The algorithm could be classified as a (1+1) Evolutionary Strategy. This means that a single solution is kept in memory with only a transitory second copy. A solution consists of a sequence of vectors which determine how the sensor will move. Iteratively, the algorithm makes a random change (mutation) to the movement plan and then reverts that change if it degrades overall coverage. This arrangement resembles a type of evolutionary algorithm having only one individual in its population and generating one offspring per generation.
When a sensor mutates its movement plan, one of several types of change may be applied:
- With some small probability, the sensor will set its entire movement plan as a straight line in a random direction. This helps sensors deployed outside of target areas to locate targets within their reach.
- With some probability (e.g. 20%), two randomly chosen vectors in the movement plan will be swapped. This causes a random segment of the overall path to be shifted while the rest of the path remains unchanged.
- With high probability (e.g. 80%), a randomly chosen vector in the movement plan is rotated by a random angle taken from a normal distribution. Experiments suggest that a variance of about (2 * pi / 5) radians is optimal. Further, with some probability (e.g. 20%), this same rotation is also applied to all subsequent vectors in the plan, causing the entire path beyond the randomly chosen vector to be rotated.
Having applied a mutation to the solution in memory, the algorithm must decide whether the change has improved coverage. Comparison of the two solutions relies on several pieces of information about the results of executing the tentative plan as compared to the current plan. The comparison is based on two values: Target k-Coverage (TC) and Non-Target k-Coverage (NTC).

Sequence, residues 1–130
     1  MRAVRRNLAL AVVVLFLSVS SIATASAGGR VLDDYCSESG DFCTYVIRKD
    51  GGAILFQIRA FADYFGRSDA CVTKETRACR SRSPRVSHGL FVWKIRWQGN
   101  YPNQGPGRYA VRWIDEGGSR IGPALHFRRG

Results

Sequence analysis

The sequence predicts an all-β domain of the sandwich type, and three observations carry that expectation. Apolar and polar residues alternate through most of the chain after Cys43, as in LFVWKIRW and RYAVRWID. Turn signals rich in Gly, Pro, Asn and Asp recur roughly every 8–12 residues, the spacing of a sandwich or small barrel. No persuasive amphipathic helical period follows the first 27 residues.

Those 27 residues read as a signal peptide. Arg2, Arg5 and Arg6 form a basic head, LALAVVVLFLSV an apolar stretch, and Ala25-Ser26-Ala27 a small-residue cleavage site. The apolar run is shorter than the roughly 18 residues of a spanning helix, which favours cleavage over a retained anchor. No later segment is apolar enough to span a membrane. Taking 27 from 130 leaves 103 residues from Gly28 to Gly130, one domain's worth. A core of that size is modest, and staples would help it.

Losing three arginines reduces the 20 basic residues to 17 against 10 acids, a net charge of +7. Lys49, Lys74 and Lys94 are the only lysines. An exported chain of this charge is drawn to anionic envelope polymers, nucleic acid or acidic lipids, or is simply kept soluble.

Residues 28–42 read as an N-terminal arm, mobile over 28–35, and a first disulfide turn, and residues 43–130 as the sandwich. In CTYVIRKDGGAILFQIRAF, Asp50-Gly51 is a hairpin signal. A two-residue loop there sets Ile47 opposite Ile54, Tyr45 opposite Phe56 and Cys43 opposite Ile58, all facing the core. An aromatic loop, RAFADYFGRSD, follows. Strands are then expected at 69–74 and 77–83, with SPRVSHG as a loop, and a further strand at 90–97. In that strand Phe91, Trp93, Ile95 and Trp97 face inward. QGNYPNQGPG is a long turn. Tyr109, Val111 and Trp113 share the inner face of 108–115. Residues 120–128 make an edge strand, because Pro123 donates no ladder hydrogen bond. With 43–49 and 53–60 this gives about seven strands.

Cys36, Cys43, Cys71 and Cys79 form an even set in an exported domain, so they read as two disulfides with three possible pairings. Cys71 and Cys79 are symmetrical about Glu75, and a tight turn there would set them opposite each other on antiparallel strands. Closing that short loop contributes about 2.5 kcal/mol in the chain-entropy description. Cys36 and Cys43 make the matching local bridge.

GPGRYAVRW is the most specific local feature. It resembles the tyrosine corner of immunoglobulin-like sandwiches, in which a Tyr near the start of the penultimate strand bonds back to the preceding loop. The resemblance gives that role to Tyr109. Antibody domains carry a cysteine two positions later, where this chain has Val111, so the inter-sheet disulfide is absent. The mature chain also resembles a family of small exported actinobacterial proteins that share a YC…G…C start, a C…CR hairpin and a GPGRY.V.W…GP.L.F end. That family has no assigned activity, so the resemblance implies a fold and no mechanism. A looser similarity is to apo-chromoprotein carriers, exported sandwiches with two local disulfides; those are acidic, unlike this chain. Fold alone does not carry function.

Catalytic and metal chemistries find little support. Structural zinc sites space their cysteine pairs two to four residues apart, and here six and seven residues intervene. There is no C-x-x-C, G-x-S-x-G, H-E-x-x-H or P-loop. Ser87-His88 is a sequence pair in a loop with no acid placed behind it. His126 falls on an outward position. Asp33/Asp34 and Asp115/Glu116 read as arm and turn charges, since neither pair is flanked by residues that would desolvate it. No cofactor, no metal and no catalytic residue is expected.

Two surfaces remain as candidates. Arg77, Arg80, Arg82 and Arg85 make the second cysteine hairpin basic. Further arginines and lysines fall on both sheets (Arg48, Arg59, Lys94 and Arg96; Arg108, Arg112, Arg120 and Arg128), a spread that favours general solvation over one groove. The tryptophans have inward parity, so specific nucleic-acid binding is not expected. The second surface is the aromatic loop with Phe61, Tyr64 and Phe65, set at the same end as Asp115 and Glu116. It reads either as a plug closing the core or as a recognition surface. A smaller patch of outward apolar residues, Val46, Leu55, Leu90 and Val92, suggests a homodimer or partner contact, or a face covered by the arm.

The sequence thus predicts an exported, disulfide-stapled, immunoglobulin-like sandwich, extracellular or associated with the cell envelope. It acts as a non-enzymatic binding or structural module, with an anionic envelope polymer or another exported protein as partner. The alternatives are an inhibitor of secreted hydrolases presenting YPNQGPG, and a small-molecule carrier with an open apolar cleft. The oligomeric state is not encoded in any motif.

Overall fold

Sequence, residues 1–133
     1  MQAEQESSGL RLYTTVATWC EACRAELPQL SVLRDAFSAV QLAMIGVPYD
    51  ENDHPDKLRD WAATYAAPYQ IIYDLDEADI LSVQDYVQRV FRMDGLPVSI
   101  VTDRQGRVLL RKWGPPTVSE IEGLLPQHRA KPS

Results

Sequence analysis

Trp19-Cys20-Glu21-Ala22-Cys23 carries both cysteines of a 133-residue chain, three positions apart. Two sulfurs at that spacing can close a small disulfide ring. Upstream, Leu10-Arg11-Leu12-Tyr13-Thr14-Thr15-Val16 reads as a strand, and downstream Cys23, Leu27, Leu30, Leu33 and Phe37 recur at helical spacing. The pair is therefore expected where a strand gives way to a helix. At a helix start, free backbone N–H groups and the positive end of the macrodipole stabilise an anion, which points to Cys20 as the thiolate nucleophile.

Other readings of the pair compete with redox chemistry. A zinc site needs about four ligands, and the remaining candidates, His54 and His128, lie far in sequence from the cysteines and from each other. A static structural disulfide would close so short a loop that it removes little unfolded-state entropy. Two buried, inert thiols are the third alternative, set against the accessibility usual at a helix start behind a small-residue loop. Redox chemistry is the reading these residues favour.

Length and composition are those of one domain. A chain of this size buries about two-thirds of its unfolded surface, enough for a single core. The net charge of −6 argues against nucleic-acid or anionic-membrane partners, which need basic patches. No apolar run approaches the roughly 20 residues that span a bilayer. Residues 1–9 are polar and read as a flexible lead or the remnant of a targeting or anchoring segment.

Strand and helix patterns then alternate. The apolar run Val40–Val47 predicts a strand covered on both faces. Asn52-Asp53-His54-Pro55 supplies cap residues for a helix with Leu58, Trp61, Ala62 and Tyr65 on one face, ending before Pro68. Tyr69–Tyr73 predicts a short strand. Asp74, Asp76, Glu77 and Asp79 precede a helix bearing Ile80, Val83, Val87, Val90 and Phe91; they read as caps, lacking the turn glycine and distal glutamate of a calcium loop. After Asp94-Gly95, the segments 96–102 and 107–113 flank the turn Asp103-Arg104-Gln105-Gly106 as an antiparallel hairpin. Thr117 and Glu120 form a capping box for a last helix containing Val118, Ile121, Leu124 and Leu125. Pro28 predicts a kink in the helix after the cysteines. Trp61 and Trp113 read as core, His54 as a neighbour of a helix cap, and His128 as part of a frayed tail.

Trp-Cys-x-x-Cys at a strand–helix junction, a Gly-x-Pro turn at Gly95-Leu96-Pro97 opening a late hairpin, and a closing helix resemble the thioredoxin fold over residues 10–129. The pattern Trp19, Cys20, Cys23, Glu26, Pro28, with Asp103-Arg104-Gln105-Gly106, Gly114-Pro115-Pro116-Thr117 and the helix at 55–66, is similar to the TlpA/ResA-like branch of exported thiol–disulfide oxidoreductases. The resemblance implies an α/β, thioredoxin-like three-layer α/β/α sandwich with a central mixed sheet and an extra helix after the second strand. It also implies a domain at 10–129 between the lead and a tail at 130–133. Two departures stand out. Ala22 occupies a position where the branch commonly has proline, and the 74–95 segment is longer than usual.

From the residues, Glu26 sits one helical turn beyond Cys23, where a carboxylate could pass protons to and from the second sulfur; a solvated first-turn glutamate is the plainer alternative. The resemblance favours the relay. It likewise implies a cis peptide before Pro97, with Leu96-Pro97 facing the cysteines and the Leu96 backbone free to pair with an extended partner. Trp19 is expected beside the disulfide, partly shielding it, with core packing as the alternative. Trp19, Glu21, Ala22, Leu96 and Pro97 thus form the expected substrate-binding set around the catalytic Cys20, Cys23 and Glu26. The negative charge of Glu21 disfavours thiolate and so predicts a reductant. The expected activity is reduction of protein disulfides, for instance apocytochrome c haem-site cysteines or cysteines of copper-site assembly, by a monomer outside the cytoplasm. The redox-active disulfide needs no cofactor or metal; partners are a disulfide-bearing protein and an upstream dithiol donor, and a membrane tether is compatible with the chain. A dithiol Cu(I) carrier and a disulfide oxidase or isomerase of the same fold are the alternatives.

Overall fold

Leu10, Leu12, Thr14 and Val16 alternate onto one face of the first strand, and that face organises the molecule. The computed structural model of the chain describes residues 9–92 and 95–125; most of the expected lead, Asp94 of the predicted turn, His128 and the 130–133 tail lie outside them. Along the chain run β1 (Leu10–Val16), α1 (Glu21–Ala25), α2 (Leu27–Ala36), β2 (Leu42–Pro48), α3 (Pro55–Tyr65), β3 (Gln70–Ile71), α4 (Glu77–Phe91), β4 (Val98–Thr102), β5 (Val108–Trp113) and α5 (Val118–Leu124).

Target k-Coverage reveals how many target cells received how many visits from unique sensors (true k-sweep coverage), and similarly Non-Target k-Coverage for non-target cells. Both are histogram-type breakdowns of the properties named. They are arrays of cell tallies indexed by coverage. For example, if TC = 23, then 23 target cells are visited by 5 unique sensors, meaning 23 cells have 5-sweep coverage.
Several metrics are calculated from these values, and then each is evaluated for improvement, in a particular order of priority. If a metric shows no change positive or negative, it is ignored and the next metric is checked, and so on.
- First priority is TCOVER. This is a tally of target cells having at least 1-sweep coverage. If this metric changes, immediately judge in favor of the higher value. This metric assures that no target areas are abandoned after they are “discovered” by a sensor.
- Second priority is TSCORE. This is a weighted sum of the values TC. Over all valid k, TSCORE = sum( (1.0 – 0.05 * ( k – 1 ) ) * k * TC[k] ) If this metric changes, immediately judge in favor of the higher value.
- Third priority is NTSCORE. This is calculated and compared exactly as TSCORE, except that it uses non-target data NTC.
- Finally, if no metrics show any change, the new solution is kept anyway. This helps to promote exploration of the solution space.
The current approach could be described as a 1-phase sweep: sensors optimize their entire movement plan from their initial positions and then execute that plan in its entirety. Coverage performance and fault tolerance could benefit greatly from re-optimization of movement plans mid-sweep. For example, all sensors could determine complete, optimal movement plans from their initial positions and then proceed with only a small portion of those plans. From these new positions the sensors establish new communication networks, run their optimizations again, and proceed with the next phase of the sweep, and so on. Fault tolerance would be much improved with this method. If some sensors fail to reach their destinations, whether by movement inaccuracy or by complete movement failure, the swarm can compensate for this in the next phase of movement. General performance could also benefit from this approach as sensors move, establish new communications cliques, and gather additional swarm information from phase to phase.
The behavior of this algorithm may be altered simply by modifying the acceptance criteria for movement plan improvement. Additional metrics unrelated to sweep coverage may be included, for example, growing and maintaining communications groups, or maintaining chains of communication between a base station and all sensors. It should also be possible to enforce a destination for each sensor, so for example, sensors may be instructed to survey the immediate area of a base station and then return, or to survey an area while setting up static coverage of certain areas or boundaries.